As Canada prepares to observe its first National Day for Truth and Reconciliation, the Federal Court has dismissed Ottawa’s appeals of two human rights tribunal rulings concerning First Nations child welfare compensation and protection.

“It’s a complete win for children and for the survivors of residential schools,” said Cindy Blackstock, executive director of the First Nations Child and Family Caring Society..

“It was a repudiation of all of the flimsy arguments that the federal government has been throwing at these kids to try and avoid accountability for treating them fairly, giving them the help they need and compensating the victims of their discrimination.”

Kelowna needs more homeless shelters, BC Housing says, and the Crown corporation wants help in providing them.

The agency currently funds 175 shelter spaces in Kelowna but says it has “exhausted all locations we own,” according to a Friday statement from BC Housing.

The leases for two BC Housing-funded downtown shelters, at 550 Doyle Ave and 1083 Richter St., have been extended to at least March 31, 2022 despite some concern from nearby residents that the shelters contribute to drug use, crime and social disorder.

“With colder temperatures approaching, closing the Doyle Avenue shelter would force 50 guests onto the streets with nowhere else to go,” the agency says.

The almost $20 million spent over the last five years on homelessness hasn’t done much to solve the issue on city streets, parks and in shelters.

“We’re pouring money into this like Niagara Falls, yet we’re still seeing an increase in homelessness, people on the streets,” Bill Vrebosch said Wednesday after the report, Homelessness Landscape in the Nipissing District, was presented to the District of Nipissing Social Services Administration Board, Wednesday.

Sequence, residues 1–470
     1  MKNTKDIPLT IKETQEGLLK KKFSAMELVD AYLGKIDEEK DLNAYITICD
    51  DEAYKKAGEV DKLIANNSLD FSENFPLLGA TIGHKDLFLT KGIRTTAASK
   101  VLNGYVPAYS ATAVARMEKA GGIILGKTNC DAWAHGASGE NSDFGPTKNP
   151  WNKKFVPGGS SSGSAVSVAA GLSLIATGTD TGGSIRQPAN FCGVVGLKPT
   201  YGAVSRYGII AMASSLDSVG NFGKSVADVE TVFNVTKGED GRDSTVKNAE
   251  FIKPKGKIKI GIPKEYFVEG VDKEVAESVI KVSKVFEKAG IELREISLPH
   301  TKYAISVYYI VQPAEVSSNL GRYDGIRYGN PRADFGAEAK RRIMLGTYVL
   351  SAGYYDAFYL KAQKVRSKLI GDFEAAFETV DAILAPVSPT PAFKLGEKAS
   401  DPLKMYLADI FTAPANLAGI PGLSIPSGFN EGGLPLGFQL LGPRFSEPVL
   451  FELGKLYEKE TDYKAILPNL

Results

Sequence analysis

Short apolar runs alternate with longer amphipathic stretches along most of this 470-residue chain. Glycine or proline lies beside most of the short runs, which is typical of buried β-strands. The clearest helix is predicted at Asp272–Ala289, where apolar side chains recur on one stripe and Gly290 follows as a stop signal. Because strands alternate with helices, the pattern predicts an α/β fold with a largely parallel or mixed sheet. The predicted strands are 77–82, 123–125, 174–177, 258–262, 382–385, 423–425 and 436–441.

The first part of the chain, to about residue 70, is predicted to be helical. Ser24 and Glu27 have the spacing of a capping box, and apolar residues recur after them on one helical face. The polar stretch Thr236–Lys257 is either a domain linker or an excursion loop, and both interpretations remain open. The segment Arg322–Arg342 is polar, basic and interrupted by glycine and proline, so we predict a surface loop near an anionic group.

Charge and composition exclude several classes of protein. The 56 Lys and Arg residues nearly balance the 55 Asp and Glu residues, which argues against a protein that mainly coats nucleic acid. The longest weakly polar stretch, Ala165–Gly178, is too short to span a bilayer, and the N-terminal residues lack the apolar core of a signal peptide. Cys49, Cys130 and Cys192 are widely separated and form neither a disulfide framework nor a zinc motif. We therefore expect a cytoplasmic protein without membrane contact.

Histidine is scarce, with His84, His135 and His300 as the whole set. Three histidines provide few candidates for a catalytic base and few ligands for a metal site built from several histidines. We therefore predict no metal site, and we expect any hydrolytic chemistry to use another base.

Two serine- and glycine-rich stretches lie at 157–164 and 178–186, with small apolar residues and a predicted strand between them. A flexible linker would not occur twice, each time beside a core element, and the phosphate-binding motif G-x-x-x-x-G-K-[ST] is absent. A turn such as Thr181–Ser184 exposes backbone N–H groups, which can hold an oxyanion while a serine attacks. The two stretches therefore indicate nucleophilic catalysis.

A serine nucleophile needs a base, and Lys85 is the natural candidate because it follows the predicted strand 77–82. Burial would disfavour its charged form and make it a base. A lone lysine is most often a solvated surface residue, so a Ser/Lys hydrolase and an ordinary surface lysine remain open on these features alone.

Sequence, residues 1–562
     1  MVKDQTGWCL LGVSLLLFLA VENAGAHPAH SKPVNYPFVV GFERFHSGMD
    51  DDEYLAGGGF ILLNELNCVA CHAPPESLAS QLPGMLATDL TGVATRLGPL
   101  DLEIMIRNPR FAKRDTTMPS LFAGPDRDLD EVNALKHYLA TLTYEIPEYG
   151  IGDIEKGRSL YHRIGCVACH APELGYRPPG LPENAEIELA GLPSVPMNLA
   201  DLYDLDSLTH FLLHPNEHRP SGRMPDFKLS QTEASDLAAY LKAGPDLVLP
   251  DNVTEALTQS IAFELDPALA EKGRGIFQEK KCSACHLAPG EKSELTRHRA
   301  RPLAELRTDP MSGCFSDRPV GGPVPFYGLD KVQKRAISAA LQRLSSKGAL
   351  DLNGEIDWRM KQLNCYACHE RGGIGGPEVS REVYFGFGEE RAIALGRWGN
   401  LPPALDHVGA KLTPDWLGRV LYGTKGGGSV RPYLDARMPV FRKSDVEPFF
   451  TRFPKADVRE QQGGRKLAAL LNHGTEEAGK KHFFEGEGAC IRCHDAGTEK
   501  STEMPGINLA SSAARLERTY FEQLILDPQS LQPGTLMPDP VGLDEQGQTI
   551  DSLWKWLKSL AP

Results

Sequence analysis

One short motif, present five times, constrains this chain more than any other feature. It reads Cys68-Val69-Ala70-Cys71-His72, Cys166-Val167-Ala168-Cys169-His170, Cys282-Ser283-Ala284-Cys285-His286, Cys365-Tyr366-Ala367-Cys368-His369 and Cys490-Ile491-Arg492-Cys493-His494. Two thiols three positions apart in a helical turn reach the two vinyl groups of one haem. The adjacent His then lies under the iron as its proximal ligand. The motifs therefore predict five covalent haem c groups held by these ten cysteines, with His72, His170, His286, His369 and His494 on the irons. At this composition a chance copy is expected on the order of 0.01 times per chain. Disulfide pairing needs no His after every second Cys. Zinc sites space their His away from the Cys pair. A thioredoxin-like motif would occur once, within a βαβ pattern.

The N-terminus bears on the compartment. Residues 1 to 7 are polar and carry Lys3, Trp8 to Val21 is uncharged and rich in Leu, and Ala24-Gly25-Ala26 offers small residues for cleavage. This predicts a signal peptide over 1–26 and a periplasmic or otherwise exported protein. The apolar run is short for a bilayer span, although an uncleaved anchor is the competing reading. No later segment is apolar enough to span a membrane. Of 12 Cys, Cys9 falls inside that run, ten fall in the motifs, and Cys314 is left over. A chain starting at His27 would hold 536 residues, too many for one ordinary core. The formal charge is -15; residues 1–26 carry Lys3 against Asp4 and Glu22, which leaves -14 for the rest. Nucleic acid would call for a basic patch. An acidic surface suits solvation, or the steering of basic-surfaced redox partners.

“Someday, and probably soon, someone is going to turn off the taps and there will be no more money. Then what are we going to do?”

A day space in Kamloops for homeless people dubbed Envision is still not open yet because the property owner backed out since receiving threats.

Despite announcements in July, and promises that it would be open in early August, the planned day space at 346 Campbell Ave. has not opened after the owner of the Northbridge Hotel decided not to follow through and is not re-engaging with City staff to follow up with the lease.

While some sources say there are legal complications with the lease because the property is up for sale, Kamloops city councillor Bill Sarai said the property owner was threatened after the City announced the day spaces on July 21.

“Either neighbourhood residents, or maybe people that supported Glenn Hilke (coordinator of The Loop) have phoned him and threatened him if he opened up that back building,” Sarai said. “He’s ignored City staff now and not ready to negotiate. (The threats) must have been serious enough that he’s backing out.”

Good federal disability policy that is driven by public interest could make all the difference between a life lived in perpetual poverty or a life with opportunities. So, what’s your party going to do about it?

In my late teens I was diagnosed with epilepsy. There was no known cause for the sudden onset of my severe seizures. It was a scary time. Suddenly I wasn’t able to drive or go to work. I couldn’t even cross the street for fear of having a seizure.

After many tests and medication trials, I received a long-term disability diagnosis from my neurologist. I began to receive long-term disability benefits from my employer, and eventually, I received Canada Pension Plan Disability benefits (CPPD) as well.

When you rely on government disability benefits, you live in poverty.

The city spent nearly $2 million to remove homeless people from three large encampments in parks this summer, clean up debris and erect fencing, according to a new report released Friday.

The report details the final costs for the enforcement of trespassing notices to people who set up tents at Trinity Bellwoods Park, Alexandra Park and Lamport Stadium.

Kelli Moffat’s house in Prince George, British Columbia overlooks an encampment where people without homes have taken up shelter in rows of tents and tarps.

The camp concerns her, and not just because she’s noticed a rise in crime in her neighbourhood. She recognizes not everyone in the encampment is responsible, and has mixed feelings about the city’s plans to tear it down. Instead, she says, she would like to see more support for the people who live there.

“We really want something done about the homeless situation and the fact that nobody should live like that,” she said. “This is definitely a federal and provincial issue. The city can only do so much.”